Libertarianism is dead . . . vive le libertarianism!

Must one pile on Jacob Weisberg?  Why yes, one must.

Not because he is wrong that this crisis raises serious problems with market structure.  It does.  It also raises serious problems with regulatory structures.  It raises serious problems with everything we were doing.

I am not trying to sound like those dogmatic libertarians who declare, any time problems are detected in the markets, that they merely exist because we do not have "true" capitalism.  Sometimes this is true--the interstate trucking market has been indisputably improved by deregulation.  And sometimes it isn't; the market for banking services has been (to my mind) indisputably improved by the FDIC.  Markets are complicated things that rest on a mixture of law, custom, and individual action.  There is no libertarian state of nature in which human beings survived without some form of coercively enforced rules.  All libertarianism can do is maximize the scope for individual action within that framework.

To put it another way, society has multiple possible equilibria, and some of those equilibria are better than others. Removing the existing set of rules does not, of itself, guarantee or even make it particularly likely that we will arrive at a better one.

But that, of course, also holds true of government action.  Punishing the bankers, restraining them from taking certain sort of risks, or giving regulators vastly more power over them, does not in itself guarantee that we will get a better outcome.  I see many people who do not know very much about finance demanding that we reverse the much-vaunted deregulation of the 1990s.  I see very few of them proposing a coherent regulatory framework that will get us to that happy state, much less a political process that will achieve this desireable regulation rather than something else which better suits the legislators.

Nor is there any particular proposal for preventing that institution from falling prey to the same forces that grip the regulated industry.  I have said it before, but it is worth repeating:  the regulators became overconfident in the same way, and for the same reasons, that the bankers became overconfident.  Just as a long and unusually rosy period in the housing market convinced the bankers that they had gotten better at pricing credit risk, a long period without a large bank failure persuaded the regulators that they had gotten better at regulation.  They believed that their computer models, and an improved understanding of how markets and the economy worked, would allow them to see problems in time and halt them.  Obviously, they were wrong.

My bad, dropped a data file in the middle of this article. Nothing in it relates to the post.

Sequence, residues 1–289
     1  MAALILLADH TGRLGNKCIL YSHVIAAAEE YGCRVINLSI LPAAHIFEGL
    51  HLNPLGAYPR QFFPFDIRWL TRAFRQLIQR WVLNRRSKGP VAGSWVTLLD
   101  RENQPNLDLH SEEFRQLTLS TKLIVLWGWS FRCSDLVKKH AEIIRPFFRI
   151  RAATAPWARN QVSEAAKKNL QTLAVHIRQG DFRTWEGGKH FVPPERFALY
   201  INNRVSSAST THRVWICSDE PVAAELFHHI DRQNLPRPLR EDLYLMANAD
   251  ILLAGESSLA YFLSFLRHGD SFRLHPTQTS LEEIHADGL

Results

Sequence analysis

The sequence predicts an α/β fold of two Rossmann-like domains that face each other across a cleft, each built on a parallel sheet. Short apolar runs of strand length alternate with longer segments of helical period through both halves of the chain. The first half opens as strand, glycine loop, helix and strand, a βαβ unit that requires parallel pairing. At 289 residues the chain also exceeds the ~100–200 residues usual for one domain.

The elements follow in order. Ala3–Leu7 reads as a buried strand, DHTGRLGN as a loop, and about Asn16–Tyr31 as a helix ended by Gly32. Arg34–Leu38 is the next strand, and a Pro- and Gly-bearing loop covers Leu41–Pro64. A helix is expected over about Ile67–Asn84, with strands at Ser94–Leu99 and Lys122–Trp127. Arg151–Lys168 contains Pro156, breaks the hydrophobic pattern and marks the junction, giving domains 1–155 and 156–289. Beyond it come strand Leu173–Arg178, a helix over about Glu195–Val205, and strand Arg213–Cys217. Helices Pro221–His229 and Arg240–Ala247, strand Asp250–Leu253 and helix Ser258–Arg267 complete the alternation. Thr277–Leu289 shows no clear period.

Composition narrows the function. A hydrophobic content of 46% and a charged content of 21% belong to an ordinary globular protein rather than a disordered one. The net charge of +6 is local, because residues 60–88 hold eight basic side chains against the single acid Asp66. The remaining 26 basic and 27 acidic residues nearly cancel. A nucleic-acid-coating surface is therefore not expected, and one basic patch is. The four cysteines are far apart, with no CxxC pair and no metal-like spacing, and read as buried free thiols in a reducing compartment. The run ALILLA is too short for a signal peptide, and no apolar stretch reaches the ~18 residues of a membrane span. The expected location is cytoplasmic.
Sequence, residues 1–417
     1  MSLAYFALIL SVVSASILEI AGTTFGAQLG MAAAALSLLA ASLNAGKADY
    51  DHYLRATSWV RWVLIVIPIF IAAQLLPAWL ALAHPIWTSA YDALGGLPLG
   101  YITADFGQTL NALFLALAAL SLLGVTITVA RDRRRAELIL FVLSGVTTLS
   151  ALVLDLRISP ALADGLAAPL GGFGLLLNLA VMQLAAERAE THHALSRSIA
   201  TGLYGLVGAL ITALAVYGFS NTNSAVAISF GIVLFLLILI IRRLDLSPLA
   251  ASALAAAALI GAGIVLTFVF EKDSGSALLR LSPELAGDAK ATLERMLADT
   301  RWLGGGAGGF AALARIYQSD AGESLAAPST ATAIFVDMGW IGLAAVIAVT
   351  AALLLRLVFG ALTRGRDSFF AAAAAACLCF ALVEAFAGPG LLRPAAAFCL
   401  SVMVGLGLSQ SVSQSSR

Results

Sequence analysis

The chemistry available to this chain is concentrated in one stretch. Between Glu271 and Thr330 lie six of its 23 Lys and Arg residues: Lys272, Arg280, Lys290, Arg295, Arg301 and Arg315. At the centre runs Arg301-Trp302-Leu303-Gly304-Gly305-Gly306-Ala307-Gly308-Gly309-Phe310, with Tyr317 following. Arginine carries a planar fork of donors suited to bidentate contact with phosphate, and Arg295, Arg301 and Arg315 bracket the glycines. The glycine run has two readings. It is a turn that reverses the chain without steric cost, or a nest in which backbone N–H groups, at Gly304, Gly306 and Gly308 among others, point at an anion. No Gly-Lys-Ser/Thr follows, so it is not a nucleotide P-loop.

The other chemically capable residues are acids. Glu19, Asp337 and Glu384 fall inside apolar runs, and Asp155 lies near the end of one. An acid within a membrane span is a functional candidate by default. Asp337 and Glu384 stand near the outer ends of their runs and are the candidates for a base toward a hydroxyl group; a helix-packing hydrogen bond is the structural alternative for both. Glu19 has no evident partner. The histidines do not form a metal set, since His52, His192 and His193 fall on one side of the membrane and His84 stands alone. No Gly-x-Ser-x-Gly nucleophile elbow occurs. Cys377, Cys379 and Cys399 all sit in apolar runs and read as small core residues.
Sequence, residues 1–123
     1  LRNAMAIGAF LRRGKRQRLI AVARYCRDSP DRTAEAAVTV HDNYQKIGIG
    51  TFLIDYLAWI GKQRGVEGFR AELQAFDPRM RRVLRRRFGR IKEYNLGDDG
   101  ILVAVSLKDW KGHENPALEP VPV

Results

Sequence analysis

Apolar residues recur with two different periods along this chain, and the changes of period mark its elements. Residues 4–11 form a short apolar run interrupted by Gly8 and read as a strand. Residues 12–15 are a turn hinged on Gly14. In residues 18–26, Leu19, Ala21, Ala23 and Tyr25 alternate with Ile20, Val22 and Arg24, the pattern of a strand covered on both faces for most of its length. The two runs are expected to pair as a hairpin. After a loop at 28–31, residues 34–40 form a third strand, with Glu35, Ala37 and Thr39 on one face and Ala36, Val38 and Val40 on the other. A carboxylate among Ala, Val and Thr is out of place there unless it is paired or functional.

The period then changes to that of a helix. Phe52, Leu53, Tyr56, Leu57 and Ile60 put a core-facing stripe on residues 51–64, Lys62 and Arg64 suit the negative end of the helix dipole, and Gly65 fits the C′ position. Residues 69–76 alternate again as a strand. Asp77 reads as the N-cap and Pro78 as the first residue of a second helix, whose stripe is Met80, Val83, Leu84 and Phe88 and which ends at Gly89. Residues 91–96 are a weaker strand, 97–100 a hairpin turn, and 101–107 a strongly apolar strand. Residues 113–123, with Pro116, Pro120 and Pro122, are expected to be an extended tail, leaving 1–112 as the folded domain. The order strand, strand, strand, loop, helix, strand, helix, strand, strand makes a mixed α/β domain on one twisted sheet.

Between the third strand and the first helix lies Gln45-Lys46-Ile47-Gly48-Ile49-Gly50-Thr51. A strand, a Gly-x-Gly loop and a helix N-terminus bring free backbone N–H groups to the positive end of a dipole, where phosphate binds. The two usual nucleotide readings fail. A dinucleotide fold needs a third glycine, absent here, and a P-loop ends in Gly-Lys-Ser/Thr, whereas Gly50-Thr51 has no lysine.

Now, obviously, you can tell the institution "Don't get overconfident!  Be extremely risk averse!" But for the next ten years or so, this is superfluous; the bankers themselves have learned to be extremely risk averse, a lesson that they will, at least for a while, employ in building their portfolios.  And longer than that, you cannot commit any political institution to a particular stance.  For one thing, extreme risk aversion has its own costs, and the fact that we currently wish we had been more risk averse does not mean that ultra-cautious regulatory policy is actually optimal, any more than it would be a good idea to act, permanently, on your wish that you hadn't left the house and walked into the path of that car.

Moreover, it is meaningless, in a mixed economy like ours, to attribute a massive failure like this to either "the market" or "government regulation".  The people who think that this can all be traced back to the CRA are wrong.  But so are the people who think that the only problem was too little regulation.  Just as some actions by private firms unquestionably put the economy at risk, so did some regulations.  It is indisputable that mark-to-market accounting caused potentially solvent firms to suffer ratings downgrades.  It is also not disputable that a slew of rules surrounding the credit quality of the securities that pension funds and insurance companies can invest in helped trigger the horrific cascading liquidity crises that, as much as anything, forced the government to step in and bail out the banks.  If these institutions had not been forced to keep their assets concentrated in "investment grade" securities, they would not all have had to run for the door at once as soon as there was a ratings downgrade.  Those downgrades, of course, hit the balance sheets of other institutions, some of which found themselves next in line to be trampled by the stampede.  Those regulations were good at protecting against individual firm failure.  But when there was a systemic problem, they made things worse, not better.

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Megan McArdle is a columnist at Bloomberg View and a former senior editor at The Atlantic. Her new book is The Up Side of Down.

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